iptables -t nat -A PREROUTING -i br0 -p udp –dport 53 -j DNAT –to 22.214.171.124:54
The DNS address used in that example (126.96.36.199) is Google’s public DNS address, but you can freely use your Smart DNS provider’s own addresses (or any other DNS address for that matter).
With a Smart DNS, websites are unblocked one by one – the service will not automatically allow access to all websites from a certain region. Most popular websites are usually unblocked, though, and if you come across one that isn’t, you can ask your Smart DNS provider to try and unblock it.
Like we already mentioned, a Smart DNS won’t be able to protect your online identity on the Internet by encrypting your Internet traffic to make it hacker-proof, nor will it be able to help you bypass firewall restrictions (whether they’re imposed at work or school, or are just a form of government censorship) since it doesn’t mask your IP address.
This is a minor thing, but you might have to manually configure a Smart DNS if there are no apps available for your device. Normally, you just have to tweak your network connection settings by changing the DNS address assigned to you by your ISP, and by validating your IP address.
While that might seem a bit complex if you’ve never done it before, most Smart DNS providers offer step-by-step tutorials you can follow to quickly configure the service.
As appealing as the concept of a “free” Smart DNS might be, you should know that most free DNS proxies you might find online aren’t reliable. And just to be clear – we’re not talking about free DNS addresses like the ones Google provides, but actual Smart DNS providers who claim to offer free services.
So, what’s the actual problem with free Smart DNS services? Well:
In the end, a Smart DNS really doesn’t cost that much – at most you’d end up paying maybe around $4-$7/month.
A Smart DNS provider is a company that offers Smart DNS services, allowing you to unblock an extensive list of geo-restricted websites. Usually, they also offer Smart DNS apps for the most popular devices alongside a wide range of features.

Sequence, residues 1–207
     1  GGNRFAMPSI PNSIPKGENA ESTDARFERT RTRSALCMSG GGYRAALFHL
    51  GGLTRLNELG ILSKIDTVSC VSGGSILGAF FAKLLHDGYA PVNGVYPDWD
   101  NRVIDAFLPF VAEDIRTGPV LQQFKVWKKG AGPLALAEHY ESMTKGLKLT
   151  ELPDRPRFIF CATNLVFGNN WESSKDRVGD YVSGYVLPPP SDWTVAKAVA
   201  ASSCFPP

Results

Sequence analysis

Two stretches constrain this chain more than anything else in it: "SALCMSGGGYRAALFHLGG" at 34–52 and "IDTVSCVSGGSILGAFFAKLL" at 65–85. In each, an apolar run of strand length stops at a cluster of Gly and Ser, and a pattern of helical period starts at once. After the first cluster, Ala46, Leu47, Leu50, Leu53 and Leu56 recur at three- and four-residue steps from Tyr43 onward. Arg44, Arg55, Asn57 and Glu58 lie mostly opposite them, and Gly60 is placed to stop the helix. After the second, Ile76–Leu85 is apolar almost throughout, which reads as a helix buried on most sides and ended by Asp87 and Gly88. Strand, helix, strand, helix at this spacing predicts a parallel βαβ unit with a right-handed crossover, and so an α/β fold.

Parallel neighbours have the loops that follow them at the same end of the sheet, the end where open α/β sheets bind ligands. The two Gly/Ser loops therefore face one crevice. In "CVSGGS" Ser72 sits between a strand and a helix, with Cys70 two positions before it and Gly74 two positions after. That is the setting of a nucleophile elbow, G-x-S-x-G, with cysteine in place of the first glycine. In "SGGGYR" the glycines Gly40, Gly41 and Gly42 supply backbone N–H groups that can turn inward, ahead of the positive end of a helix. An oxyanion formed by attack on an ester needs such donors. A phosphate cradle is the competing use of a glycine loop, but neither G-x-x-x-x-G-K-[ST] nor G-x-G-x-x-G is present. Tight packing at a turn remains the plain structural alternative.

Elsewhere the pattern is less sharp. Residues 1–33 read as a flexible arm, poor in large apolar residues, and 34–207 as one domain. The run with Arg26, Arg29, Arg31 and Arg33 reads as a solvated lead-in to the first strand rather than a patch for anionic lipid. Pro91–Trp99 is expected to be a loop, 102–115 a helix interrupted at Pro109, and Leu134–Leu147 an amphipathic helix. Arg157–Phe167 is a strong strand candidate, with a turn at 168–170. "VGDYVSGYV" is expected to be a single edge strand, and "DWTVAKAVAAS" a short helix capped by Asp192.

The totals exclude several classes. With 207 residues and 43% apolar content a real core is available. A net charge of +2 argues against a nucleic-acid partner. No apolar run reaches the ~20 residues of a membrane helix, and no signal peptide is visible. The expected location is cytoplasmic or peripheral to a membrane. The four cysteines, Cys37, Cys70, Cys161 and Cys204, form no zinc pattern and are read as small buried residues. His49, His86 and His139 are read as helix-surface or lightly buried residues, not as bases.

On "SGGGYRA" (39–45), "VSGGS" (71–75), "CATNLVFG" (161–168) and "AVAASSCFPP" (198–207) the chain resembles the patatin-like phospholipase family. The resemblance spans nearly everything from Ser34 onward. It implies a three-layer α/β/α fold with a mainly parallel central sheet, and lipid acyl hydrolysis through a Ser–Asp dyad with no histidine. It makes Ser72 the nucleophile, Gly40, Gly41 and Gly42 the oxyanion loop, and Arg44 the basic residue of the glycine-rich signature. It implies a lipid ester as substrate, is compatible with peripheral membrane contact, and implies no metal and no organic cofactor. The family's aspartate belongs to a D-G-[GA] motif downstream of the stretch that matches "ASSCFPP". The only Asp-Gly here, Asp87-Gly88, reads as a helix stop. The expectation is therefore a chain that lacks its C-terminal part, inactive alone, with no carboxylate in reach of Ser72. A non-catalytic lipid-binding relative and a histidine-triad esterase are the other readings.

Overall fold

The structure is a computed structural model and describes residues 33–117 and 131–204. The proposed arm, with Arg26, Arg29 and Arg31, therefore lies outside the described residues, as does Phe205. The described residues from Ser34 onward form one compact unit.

In recent years, a lot of Smart DNS providers have started offering access to VPN services alongside Smart DNS services. Many VPN providers have done something similar by adding Smart DNS services to their subscription plans as well.
Most Smart DNS providers offer paid services, but there are also providers who offer free Smart DNS services. However, we already discussed why choosing a free Smart DNS isn’t a good idea.
Here are the kinds of things you should be checking out when considering which Smart DNS provider to choose:
We here at SmartyDNS offer high-speed VPN servers with military-grade 256 bit AES encryption and highly-secure VPN protocols (OpenVPN, SoftEther and IKEv2) and we adhere to a strict no-log policy.
Our VPN servers double as proxy servers and we also offer a Smart DNS service that lets you unblock Netflix, BBC iPlayer and other 300+ worldwide geo-restricted websites.
We offer user-friendly VPN apps for Windows, Mac, iPhone/iPad, Android, and Fire TV/Stick and browser extensions for Chrome and Firefox.
Oh, and we’ll also have your back with our 30-day money-back guarantee.
There are various ways you can bypass geo-restrictions, and a Smart DNS is one of the most popular methods. It’s basically a service that replaces your ISP-assigned DNS address with a different address in order to hide your real geo-location.
In terms of perks, a Smart DNS helps you unblock geo-restricted content, lets you enjoy your original ISP speeds, and you can enjoy access to content from different regions at the same time. Regarding drawbacks, some ISPs might be able to interfere with a Smart DNS with a Transparent DNS Proxy, and a Smart DNS doesn’t use any encryption to secure your online connections (like a VPN does).
Overall, if you’re only interested in accessing geo-blocked content while enjoying fast speeds, and aren’t concerned about your Internet privacy, a Smart DNS is a good option.